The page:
Celebrating its 27th edition, Art Miami was the first major event to kick off Miami Art Week along with sister fair CONTEXT Art Miami.
For me it was a first and I had no idea what to except but I was most certainly pleasantly surprised. The VIP preview that included the Press, drew an impressive crowd of Art lovers, from wealthy long time collectors to new impulsive buyers with no knowledge of the art market. Clearly some people are here to speculate and better understand the latest tendencies to invest wisely while others are just here to be blown away to find their next piece for their living room.

Whatever the reason, there were more than 78,500 attendees at Art Miami and CONTEXT Art Miami throughout the week and 10,500 guests at the VIP Preview, which was sponsored by Christie’s International Real Estate and benefited the Pérez Art Museum Miami. But if a Gerhard Richter was sold for a $2,5 million or a Robert Rauschenerg for a $1.1 million, what happened on the photography front?

Out of the 200 international galleries showcasing 1,875 artists from 60 countries around the globe, how many were photographers? To be honest we didn’t count but if photography took only a small part in the event it was certainly present and with high quality art work.
Walking from one gallery to another, prints caught our eye, here and there, and a photo collector could certainly have found what he was looking for!

At David Klein Gallery we discovered two prints by Brittany Nelson from her project “The Year I Make Contact”, a methodological critique of photographic material practice. This body of work is an intricate experimentation with the 19th century negative reversal process of Mordançage. Toxic mixtures of chemicals react to the silver content of the paper, subsequently destroying its intended functionality. Nelson takes the involved materials, negatives and silver gelatin, once too precious to afford experimentation, and explores their unbounded formal potential. Altering the associated process drastically, she captures a moment in the negative’s chemical activity via scanner and expands the four by five inch negative to a large-scale chromogenic print. Isolated from the reaction and its dimensionality the violence of the process is apparent in the resulting patterns and uniform darkness of the works.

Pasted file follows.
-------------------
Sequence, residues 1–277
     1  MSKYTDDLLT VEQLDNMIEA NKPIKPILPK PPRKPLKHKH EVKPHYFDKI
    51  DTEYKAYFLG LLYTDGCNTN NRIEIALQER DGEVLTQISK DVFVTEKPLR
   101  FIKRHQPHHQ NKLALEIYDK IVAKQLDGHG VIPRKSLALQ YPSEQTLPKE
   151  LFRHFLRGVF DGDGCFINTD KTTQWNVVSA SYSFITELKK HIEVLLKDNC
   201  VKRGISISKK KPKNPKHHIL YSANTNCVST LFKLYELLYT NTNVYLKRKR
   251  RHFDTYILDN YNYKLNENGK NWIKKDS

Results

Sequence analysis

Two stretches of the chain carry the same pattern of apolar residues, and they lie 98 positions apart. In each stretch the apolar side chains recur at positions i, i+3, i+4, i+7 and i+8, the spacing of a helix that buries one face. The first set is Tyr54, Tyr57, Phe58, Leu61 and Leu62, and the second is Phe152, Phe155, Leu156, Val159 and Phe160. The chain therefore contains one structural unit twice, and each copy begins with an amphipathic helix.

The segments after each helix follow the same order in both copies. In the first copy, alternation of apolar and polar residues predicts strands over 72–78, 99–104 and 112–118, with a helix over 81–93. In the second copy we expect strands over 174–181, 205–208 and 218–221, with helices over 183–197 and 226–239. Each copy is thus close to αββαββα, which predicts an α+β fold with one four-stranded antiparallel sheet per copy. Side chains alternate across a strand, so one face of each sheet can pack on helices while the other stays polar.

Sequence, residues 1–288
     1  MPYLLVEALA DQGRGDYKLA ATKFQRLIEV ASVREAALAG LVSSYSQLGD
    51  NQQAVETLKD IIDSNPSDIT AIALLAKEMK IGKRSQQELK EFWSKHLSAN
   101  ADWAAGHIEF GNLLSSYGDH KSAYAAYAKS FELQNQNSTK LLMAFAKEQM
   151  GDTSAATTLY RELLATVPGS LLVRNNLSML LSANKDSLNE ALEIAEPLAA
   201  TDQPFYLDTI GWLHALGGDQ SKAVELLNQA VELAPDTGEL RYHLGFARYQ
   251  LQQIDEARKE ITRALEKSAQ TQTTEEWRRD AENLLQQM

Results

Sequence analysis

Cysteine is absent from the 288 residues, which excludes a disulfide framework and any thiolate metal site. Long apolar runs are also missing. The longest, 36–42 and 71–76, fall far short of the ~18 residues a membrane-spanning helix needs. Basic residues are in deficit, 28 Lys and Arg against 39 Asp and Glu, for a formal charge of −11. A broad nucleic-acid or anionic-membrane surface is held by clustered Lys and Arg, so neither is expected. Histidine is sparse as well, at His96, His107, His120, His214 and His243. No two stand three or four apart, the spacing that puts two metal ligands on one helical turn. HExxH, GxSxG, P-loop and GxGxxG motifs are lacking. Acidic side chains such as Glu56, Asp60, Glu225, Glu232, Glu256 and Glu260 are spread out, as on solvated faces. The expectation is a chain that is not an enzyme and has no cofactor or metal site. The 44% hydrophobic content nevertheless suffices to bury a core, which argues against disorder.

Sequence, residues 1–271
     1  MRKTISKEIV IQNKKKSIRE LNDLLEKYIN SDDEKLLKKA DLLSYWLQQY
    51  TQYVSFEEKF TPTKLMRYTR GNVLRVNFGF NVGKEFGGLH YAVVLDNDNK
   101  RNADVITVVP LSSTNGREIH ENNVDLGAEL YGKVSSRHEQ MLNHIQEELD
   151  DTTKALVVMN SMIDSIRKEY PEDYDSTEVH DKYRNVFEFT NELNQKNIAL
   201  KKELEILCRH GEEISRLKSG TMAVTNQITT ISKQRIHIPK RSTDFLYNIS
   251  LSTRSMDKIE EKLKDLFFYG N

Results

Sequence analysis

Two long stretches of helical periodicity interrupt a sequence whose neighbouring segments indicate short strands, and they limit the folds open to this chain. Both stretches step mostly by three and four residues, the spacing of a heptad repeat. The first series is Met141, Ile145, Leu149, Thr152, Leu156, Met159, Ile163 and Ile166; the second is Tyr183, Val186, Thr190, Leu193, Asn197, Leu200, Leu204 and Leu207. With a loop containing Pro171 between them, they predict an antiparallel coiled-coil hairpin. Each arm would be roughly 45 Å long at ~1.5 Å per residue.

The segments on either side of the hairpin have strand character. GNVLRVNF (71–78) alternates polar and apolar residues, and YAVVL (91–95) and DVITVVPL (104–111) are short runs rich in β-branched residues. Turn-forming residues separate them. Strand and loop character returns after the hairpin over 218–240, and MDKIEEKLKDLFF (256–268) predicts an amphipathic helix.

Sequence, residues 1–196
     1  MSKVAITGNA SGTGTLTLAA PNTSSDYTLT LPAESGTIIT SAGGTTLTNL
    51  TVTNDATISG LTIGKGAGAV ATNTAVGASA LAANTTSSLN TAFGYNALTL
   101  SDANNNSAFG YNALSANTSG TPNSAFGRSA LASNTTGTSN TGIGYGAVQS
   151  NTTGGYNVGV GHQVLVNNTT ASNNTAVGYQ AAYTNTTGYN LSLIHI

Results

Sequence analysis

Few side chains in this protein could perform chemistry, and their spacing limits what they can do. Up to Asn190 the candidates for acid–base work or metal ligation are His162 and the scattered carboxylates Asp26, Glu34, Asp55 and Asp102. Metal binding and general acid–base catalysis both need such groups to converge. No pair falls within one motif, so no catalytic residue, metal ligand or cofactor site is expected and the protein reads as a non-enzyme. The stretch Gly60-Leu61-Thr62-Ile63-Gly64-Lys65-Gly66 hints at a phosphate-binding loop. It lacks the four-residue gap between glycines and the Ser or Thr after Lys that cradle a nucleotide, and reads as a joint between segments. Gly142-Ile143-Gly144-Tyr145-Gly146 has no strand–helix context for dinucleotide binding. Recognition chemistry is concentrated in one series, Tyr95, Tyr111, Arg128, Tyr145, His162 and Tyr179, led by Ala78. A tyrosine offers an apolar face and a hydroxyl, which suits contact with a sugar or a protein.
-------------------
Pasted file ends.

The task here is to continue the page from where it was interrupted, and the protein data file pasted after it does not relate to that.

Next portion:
We also saw several huge prints by Dutch photographer Hendrik Kerstens at Dean Project including the Red Turban, a photograph of his favorite subject, his daughter inspired by the Dutch painters of the seventeenth century with an humoristic twist.

Another photographer inspired by painting is Danish photography-based visual artist Trine Søndergaard that was represented at Jackson Fine Art.

We also found that photographer Nathalia Edenmont that was represented at several galleries also featured work that would certainly appeal to painting lovers with her series of portraits that reminded us of the Italian painter Giuseppe Arcimboldo.

More conventional collectors were not forgotten as we could find several beautiful black and white prints. Nikola Rukaj Gallery for example decided to show two iconic prints by Jerry Schatzberg of the 2016 Nobel Prize Winner Bob Dylan “for having created new poetic expressions within the great American song tradition.”

Osborme Samuel and Modernism also featured beautiful prints by Erwin Blumenfeld

Waterhouse & Dodd chose to show tow C-Prints of photographer Jean-Francois Rauzier between Gorky, Warhol, Calder and Frank Stella artworks.
Hexton, represented James Balog and Sundaram Tagore Gallery showed a photograph by Edward Burtynsky and a C-type print and hand cut canvas called “sense of fear, 2015″ by Kamolpan Chotvichai

That’s it? Of course not! We also saw amazing prints by Andrew Moore at Jackson Fine Art, beautiful color prints of Gordon Parks, Christian Voigt, Julie Blackmon, George Rousse as well as Serge Najjar at Catherine Edelman gallery.

Last but not least, we were happy to see two huge works of Liu Bolin at Klein Sun Gallery. His work Guernica 43 1/2 x 98 3/8 is astonishing and when you are French like me and that you have seen The Mona Lisa so many times at the Louvre, Bolin’s twist on the piece is simply a feast for the eyes as well a boost of high spirit. I must admit we asked the price and one day maybe…

Anyhow, if Art Miami was essentially about painting and sculpture, photography was certainly not anecdotic and we felt that the medium was well represented with major contemporary and classic artists. The only thing we could regret – if any- is that the newcomers or emerging talents where not here. Nevertheless we can assure you we will be back next year and that we can’t wait to see what is next at Palm Beach Modern + Contemporary Art Fair (January 12th -15th) and Art Wynwood (February 16th – 20th).